A prosecutor began closing arguments in the R. Kelly sex trafficking trial Wednesday by telling jurors that the government had delivered on its promises to prove that the R&B singer had for years commanded close associates to help him target, groom and exploit girls, boys, and young women for his own sexual gratification. Six weeks of testimony from more than 45 witnesses and other evidence "showed he did just that," said Assistant US Attorney Elizabeth Geddes. She said Kelly got away with sexually abusing his victims by surrounding himself with enablers he managed with an iron fist. Kelly, 54, has pleaded not guilty to racketeering charges.
Before closings began, Kelly told US District Judge Ann Donnelly that he won’t take the witness stand, allowing him to avoid the risk of a potentially brutal cross-examination, the AP reports. "You don’t want to testify, correct?” Donnelly asked the R&B singer. He responded: "Yes, ma’am." The defense presentation had relied on a handful of former Kelly employees and other associates who agreed to take the stand to try to discredit allegations that he sexually abused women, girls, and boys during a 30-year musical career. Most of the defense witnesses said they never saw Kelly abuse anyone. One admitted he owed Kelly for his break in music business and wanted to see him beat the charges.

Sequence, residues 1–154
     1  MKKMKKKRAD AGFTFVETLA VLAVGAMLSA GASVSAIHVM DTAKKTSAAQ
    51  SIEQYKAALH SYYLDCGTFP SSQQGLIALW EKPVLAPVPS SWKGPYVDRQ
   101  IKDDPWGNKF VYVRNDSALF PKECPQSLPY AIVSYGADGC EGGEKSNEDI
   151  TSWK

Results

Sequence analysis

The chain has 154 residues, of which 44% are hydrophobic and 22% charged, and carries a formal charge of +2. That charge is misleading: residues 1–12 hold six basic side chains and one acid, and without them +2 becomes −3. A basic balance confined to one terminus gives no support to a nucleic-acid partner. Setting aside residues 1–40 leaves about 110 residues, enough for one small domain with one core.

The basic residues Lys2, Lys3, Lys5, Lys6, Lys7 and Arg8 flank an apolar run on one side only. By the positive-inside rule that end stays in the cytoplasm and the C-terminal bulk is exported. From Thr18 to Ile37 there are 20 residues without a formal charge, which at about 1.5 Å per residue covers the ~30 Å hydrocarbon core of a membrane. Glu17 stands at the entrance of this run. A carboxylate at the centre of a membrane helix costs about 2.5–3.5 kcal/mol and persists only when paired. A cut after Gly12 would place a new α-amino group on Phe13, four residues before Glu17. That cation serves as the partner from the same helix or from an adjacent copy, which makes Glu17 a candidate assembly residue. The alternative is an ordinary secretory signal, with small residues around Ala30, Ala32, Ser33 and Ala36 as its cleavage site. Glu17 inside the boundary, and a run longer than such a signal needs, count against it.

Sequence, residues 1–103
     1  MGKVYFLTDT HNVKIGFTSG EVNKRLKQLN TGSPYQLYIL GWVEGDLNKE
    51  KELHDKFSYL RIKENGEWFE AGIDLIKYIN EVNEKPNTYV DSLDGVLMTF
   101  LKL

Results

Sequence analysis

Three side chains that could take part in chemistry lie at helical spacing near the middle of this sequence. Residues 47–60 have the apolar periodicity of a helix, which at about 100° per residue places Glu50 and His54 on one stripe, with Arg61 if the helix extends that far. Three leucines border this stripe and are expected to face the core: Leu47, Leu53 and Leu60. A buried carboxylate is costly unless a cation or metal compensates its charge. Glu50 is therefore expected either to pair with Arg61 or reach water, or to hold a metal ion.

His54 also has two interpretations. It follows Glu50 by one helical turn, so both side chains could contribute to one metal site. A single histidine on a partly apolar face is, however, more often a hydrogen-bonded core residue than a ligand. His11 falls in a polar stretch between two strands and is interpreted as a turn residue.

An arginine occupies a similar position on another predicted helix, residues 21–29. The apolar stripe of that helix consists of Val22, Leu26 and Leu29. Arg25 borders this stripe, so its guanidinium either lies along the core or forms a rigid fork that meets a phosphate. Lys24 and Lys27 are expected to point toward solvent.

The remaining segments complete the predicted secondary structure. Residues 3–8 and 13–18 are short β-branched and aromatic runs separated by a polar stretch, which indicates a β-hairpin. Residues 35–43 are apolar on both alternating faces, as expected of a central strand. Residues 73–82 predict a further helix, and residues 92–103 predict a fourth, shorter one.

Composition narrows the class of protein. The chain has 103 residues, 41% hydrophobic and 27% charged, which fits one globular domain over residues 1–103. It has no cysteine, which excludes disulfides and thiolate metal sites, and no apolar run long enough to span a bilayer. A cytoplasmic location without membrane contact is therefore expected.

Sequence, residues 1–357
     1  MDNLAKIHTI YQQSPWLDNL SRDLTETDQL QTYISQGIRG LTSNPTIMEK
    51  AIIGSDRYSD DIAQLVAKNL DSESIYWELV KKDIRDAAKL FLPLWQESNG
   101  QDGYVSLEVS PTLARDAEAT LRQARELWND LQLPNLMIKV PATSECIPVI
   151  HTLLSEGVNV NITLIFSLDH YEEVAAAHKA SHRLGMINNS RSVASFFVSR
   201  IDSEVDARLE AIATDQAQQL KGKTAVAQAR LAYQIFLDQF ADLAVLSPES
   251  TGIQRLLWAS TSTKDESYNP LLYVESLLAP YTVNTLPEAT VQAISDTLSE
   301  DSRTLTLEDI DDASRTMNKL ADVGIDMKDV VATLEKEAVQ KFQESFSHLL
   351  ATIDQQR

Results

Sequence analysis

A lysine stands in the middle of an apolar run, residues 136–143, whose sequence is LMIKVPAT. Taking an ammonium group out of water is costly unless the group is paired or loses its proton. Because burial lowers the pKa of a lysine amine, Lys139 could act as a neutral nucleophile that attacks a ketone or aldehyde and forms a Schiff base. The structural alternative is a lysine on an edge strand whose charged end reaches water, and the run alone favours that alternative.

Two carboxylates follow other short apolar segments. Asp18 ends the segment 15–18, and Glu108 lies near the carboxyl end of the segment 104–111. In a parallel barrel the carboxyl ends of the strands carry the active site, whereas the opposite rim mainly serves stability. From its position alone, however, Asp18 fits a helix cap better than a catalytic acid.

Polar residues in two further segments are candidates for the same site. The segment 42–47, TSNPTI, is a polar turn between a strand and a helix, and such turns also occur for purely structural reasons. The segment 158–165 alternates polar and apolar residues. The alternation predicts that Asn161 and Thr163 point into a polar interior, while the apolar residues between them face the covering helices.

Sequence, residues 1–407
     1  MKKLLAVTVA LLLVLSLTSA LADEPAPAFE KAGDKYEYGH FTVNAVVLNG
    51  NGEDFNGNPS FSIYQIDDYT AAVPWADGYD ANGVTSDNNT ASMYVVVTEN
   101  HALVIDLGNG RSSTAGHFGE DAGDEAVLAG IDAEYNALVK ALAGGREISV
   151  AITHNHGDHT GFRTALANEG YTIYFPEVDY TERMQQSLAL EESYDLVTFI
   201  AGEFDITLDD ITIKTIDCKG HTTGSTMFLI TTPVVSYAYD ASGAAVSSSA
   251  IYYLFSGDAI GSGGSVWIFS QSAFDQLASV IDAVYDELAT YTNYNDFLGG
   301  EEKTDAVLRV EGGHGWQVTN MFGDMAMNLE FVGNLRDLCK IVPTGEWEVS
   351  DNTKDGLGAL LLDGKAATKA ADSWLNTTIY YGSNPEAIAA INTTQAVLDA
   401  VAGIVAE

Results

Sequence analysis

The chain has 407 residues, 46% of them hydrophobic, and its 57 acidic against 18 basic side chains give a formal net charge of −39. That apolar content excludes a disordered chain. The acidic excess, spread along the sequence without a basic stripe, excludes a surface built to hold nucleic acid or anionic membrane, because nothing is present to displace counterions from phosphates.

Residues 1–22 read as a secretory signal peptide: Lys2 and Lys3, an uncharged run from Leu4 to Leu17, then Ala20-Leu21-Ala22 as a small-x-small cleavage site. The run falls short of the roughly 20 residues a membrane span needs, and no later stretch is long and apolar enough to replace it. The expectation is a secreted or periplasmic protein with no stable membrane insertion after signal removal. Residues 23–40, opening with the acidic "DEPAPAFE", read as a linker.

By contrast, prosecutors have called dozens of witnesses since the trial began in federal court in Brooklyn on Aug. 18. They included several female and two male accusers to support allegations that Kelly used a cadre of managers, bodyguards, and assistants to systematically recruit potential victims at his shows and at malls and fast-food restaurants where he spent time. The accusers testified that once they were in Kelly’s web, he groomed them for unwanted sex and psychological torment. A judge at a hearing Wednesday in Chicago said that a criminal case there against Kelly will remain on hold until the New York trial is over. (Read more R. Kelly stories.)